How to set a vision for yourself
So how do you set a vision for yourself or your organisation? We use 4-5 different approaches in our strategy advisory work and programs, but have a simple checklist to get you started: • Include a time / date stamp, so you know when you’ve arrived • Write it in the present tense • Include how you want to feel, or how you want your organisation to feel, as well as what you’re achieving • Include the qualities of your leadership or organisation that you want to embody • Include tangible outcomes to know when you’ve achieved what you set out to • Ensure it evokes emotion: it’s inspiring, motivating, elevating
A simple vision formula
“By xx [date] I feel xx. I have achieved xx, am embodying xx in my leadership and seeing xx outcomes.”
Examples of vision statements
By January 2021, I am in flow as a leader of myself, my family and XXX. I am making space to nourish myself, my family and the team. I am working to my strengths 80% of the time and delivering a new digital platform that is comprising 20 percent of revenue. The team is sharing the benefits of a business that is making a difference.
Organisational vision: Visibility Co
By January 2023, visibility is a proven weapon that powers leaders, communities and movements to contribute to systems change. Our methodology is recognised, systematised and foolproof and elevated by a global community of radical activators. We are served by a sustainable and multi-faceted business model. Our visibility is a beacon for others: we are our own best case study for the three pillars. We feel in flow and in our power.
Contact us to be guided through a process to articulate your vision, or set one for your team or organisation as part of one of our individual, group or organisational programs or strategic advisory services.
About Visibility Co.
Working at the intersection of leadership, strategy and visibility, we seek to be strategic provocateurs and catalysts of systemic change, supporting you to unleash the potential within so you can create a better world from wherever you are.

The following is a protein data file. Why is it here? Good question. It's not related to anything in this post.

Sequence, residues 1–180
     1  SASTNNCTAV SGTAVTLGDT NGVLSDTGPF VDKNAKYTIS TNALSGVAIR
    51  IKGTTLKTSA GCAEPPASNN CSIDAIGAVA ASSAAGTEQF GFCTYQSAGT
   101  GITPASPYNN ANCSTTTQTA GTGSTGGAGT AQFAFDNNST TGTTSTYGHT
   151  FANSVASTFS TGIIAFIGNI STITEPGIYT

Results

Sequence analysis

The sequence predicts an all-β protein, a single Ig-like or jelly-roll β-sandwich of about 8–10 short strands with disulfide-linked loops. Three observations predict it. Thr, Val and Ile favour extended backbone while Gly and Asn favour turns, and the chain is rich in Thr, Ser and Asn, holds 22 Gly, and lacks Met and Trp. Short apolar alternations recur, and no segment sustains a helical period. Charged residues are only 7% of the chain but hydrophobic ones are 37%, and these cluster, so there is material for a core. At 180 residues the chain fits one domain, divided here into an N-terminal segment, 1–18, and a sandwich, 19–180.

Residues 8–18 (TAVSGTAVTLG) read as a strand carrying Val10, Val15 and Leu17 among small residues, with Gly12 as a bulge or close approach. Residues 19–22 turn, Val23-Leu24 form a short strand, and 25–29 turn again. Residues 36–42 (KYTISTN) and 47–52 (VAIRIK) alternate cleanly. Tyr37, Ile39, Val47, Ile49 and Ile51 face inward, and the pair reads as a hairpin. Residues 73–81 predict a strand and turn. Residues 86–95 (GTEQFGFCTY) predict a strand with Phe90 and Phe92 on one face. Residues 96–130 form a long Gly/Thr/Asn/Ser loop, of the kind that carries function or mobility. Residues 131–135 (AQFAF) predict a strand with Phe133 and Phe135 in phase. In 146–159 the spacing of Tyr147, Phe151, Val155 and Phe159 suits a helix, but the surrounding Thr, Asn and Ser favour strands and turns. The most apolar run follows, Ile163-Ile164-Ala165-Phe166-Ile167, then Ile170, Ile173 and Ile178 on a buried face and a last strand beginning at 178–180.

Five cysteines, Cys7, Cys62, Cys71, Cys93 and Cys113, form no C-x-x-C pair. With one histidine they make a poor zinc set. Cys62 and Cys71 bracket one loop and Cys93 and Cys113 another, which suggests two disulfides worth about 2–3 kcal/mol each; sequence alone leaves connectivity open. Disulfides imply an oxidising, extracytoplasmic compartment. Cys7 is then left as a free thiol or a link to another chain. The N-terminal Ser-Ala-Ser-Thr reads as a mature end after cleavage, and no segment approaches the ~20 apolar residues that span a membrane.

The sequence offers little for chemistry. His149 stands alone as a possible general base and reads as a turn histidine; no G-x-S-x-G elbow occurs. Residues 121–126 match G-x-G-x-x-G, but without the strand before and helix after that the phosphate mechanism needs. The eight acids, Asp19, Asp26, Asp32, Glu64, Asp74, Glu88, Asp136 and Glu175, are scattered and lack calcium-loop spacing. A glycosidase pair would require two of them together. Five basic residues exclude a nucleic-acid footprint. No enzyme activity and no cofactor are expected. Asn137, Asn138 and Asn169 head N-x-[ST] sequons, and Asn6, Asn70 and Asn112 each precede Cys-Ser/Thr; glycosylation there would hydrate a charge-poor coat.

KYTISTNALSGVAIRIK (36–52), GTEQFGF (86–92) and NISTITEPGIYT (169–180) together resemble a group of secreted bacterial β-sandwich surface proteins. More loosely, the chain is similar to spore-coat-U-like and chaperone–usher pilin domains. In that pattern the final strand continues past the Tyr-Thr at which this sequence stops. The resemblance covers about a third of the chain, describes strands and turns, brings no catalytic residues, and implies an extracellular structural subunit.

While we’re not big on labels, we’re often referred to as social impact and communications strategists, or strategic leadership advisors, or visibility experts.
Fancy words for a business, led by Julia May and Sarah Anderson, that brings together purposeful leadership, strategy and communications in truly integrative and innovative ways.
What would it look like if you shrugged off COVID and lockdown mindsets and mixed your workplace with a luxurious retreat ... and work-time with play-time; hustle-time with me-time? Probably something like our virtual leadership retreats.
Whether trying to share your own story as an entrepreneur or thought leader, or leading a large organisation or team, you will face struggles and blind-spots when it comes to how you, or your organisation communicates. We’re all human. As strategists, advisors and storytellers, we see the same challenges emerge in every setting we work in, and we see the same good people making the same avoidable mistakes, with really unfortunate consequences. So we’ve compiled the five most common communications fails we see, and try to solve for, and our top tips for avoiding them.
We acknowledge the Traditional Owners — the Kulin Nations, particularly the Wurundjeri, Boonwurrung, and Wadawurrung people — upon whose ancestral lands we live and work. We pay respect to their Elders, past, present and emerging, and acknowledge the pivotal role that Aboriginal and Torres Strait Islander people continue to play within the Australian community. Sovereignty was never ceded.